Top Three Alien Species in the Mass Effect Series (A Case for Racial Choice in Mass Effect 4) - R3dR4z0r Blog - www.GameInformer.com
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Top Three Alien Species in the Mass Effect Series (A Case for Racial Choice in Mass Effect 4)

One of the greatest accomplishments of the Mass Effect series was its ability to create a vibrant galaxy full of worlds and alien races that felt alive and real. Emotion and excitement led you through a narrative with ramifications for the industry that have not yet been seen.

Here are my three favorite races from the Mass Effect universe and a quick breakdown of why.

3. Geth

The geth are loved for their depth. They are synthetic and are thus not in direct opposition to the Reapers. However, they are sentient as well. Built as mindless servants of Sovereign in Mass Effect, the dynamic changes with the introduction of Legion in ME2 and his subsequent dialogue which delves into the mind of those who are truly geth and those who are "heretics." The philosophical depth of the "heretic" discussions and the morality regarding the worth of synthetic life and who makes that choice reinforces the geth being in the top three.

2. Asari

The natives of Thessia are an interesting race. They are mono-gendered for the purpose of reproduction within their native lands before they left for the stars. Their characteristics would seem to denote that they are female, and they even refer to the stages of life as the Maiden, Matron, and Matriarch stages. Though known for their role in the founding of the Citadel Council and diplomatic prowess, the asari have a propensity for biotics that get them on the list. Having Liara and a romantic rival come along for a mission can lead to some of the greatest dialogue in the series. Liara is great, but I have to admit that I romanced her by accident in ME3.

1. Drell

The mind of one who disassociates one's self from one's actions has always fascinated me. Though Thane is a very spiritual being, he believes that he is a tool used to kill and is not responsible for those who have died by his hand. Underneath his skin lies his guilt. The master assassin is dying of a terminal disease known as Kepler's Syndrome. All his motivations are unclear, but we do know that he sees his mission with Shepard as a form of penance. Thane's prayers are some of the most emotionally impactful moments in any game. My favorite word in the Drell language is tu-fira which means "lost in another."


Why did I write this? The thing that makes the gaming industry my favorite industry in the world is its ability to take what was great from the past and respect the past while still moving forward in new, exciting ways. The ME franchise has a fantastic narrative, rich atmosphere, and solid core gameplay in its history. However, the ME faithful do not need a simple reskin with a new story focus. We need a new adventure. I feel that the best way to accomplish this is through racial choice.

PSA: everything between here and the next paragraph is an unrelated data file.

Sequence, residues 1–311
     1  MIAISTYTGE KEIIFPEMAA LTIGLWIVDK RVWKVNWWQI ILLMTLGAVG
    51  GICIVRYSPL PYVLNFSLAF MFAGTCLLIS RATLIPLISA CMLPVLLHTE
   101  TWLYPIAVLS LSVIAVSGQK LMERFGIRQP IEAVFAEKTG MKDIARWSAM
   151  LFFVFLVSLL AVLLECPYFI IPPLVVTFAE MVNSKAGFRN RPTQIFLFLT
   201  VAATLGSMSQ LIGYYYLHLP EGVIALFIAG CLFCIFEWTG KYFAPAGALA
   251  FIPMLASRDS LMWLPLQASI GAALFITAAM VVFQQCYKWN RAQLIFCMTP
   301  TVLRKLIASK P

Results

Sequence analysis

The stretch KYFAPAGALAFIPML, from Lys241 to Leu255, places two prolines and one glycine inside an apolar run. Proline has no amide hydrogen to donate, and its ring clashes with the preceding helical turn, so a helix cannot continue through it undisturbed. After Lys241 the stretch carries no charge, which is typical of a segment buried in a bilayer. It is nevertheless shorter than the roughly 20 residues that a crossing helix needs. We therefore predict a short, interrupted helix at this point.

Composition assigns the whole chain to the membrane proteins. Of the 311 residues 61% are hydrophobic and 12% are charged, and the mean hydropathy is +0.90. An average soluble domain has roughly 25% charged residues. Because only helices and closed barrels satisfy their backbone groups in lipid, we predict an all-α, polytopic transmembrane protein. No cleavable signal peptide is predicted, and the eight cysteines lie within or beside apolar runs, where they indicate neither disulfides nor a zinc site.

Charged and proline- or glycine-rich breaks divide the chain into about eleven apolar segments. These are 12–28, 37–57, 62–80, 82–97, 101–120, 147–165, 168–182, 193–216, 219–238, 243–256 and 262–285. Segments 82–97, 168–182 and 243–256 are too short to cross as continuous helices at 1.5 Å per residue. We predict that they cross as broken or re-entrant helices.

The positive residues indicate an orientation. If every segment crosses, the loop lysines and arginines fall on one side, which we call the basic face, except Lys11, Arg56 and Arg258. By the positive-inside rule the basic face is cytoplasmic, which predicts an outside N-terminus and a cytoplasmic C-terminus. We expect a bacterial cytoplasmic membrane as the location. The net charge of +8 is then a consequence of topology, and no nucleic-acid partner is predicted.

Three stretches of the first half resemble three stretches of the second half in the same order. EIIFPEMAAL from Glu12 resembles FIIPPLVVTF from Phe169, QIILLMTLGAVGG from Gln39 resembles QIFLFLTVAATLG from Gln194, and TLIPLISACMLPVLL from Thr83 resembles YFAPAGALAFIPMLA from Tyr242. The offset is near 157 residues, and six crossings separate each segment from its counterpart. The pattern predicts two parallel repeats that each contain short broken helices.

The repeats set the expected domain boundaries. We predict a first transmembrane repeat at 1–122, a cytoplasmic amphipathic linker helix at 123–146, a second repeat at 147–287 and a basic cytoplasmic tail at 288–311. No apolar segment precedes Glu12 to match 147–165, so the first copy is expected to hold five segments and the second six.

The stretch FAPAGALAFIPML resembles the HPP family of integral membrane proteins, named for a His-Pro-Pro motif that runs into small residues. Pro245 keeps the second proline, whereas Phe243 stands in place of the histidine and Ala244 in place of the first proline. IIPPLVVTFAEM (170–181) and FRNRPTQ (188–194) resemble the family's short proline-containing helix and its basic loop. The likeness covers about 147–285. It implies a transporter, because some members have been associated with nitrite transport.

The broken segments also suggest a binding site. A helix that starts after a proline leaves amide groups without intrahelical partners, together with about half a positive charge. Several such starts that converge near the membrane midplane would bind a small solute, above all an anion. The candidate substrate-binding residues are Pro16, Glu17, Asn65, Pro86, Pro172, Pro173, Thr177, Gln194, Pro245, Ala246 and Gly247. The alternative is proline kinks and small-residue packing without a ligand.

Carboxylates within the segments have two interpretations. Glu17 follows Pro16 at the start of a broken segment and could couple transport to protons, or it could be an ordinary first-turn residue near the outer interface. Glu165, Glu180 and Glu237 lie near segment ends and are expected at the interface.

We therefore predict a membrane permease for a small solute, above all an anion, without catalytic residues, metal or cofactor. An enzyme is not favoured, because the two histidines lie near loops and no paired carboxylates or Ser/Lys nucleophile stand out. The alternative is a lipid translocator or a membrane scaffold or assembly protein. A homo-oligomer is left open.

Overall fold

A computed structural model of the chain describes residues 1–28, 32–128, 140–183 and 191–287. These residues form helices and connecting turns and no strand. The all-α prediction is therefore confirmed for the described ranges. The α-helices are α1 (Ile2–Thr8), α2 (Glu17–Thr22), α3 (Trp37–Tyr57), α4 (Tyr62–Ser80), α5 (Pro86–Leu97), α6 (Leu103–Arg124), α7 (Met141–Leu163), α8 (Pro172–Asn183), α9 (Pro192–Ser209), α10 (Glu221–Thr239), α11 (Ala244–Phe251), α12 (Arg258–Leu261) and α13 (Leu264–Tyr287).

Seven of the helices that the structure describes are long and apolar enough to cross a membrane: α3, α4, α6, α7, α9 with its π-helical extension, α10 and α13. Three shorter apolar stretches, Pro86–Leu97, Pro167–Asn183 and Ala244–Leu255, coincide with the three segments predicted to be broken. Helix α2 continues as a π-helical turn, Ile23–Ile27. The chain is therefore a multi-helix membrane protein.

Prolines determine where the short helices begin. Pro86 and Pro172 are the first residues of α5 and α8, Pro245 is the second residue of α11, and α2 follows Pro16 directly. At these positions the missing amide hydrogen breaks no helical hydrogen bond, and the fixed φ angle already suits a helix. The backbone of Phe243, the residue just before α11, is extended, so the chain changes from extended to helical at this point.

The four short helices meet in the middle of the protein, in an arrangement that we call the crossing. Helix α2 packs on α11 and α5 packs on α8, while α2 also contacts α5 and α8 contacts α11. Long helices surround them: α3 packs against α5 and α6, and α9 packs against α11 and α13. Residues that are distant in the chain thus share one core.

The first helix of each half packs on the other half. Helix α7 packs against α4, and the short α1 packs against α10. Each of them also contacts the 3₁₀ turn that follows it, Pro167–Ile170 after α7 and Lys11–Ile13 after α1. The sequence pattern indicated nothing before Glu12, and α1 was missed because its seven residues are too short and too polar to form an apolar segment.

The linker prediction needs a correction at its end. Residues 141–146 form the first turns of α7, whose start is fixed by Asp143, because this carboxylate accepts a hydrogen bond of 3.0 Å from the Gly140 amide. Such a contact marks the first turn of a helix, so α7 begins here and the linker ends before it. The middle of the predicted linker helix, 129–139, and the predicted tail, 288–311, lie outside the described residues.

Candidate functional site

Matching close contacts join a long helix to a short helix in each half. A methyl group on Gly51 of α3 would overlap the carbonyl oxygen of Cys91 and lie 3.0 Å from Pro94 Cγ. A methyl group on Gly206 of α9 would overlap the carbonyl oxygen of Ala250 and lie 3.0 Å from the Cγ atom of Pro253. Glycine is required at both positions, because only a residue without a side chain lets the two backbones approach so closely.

The three races mentioned above are my three favorite alien races in this franchise. Humans (not alien), Salarians, Turians, Krogans, Quarians, and other races also have deep narrative significance and expansive fictional history from which to draw inspiration for the next generation of Mass Effect. These other races as well as those I have not mentioned are important. These other races may be included in your favorites and mark the moments that stick out in your mind from the series. Everyone will have different opinions concerning the best races and moments from Mass Effect, and this fact could be one of its greatest strengths moving forward.

Mass Effect - Mass Effect 3 was the Shepard Trilogy. For the purposes of establishing this world and its relation to humanity, Shepard needed to be human. Very few games establish worlds with human characters and other races and force you to play as another race. The lack of choice leads to more investment in the well-being of alien races by establishing their link to humanity and in Mass Effect's case choosing their link to humanity and their role in the inevitable cataclysm.

I now care for these races, and their stories are relevant and should be told. In concept, the approach would be similar to Elder Scrolls. Overheard dialogue would change like that of a Dark Elf in Windhelm. Many of you probably did not see the scene with Mordin in Mass Effect 3. Your choices and his survival effect seeing this amazing scene. The race of the protagonist could easily sway the tense racial wars in the Citadel races. If you play as a Volus and are successful in your endeavors, you could be the catalyst that makes them the fifth race to join the Citadel Council. Of course, these examples are simple and meant to convey the wealth of opportunities that a racial choice in character could add in directing the game narrative. More ownership and more immersion would equal an even better experience.

Finally, with the advent of a new generation, the belief in better quality and diversity within games themselves is held among many. The Witcher 3: Wild Hunt was revealed a few months ago and outlined some narrative expansions to the Witcher universe. As new hardware is released and utilized, developers will have the tools to combine beautiful worlds, complex storylines, and solid enemy AI in ways that we have not seen. The next generation will have the ability to deliver experiences with an "and" philosophy and no longer an "either/or" choice.

P.S. We have already played as these races in ME3 multiplayer. Maybe, this is a hint of what is to come.

Thank you for reading. Please comment below and tell me your favorite characters and/or moments from the Mass Effect games.

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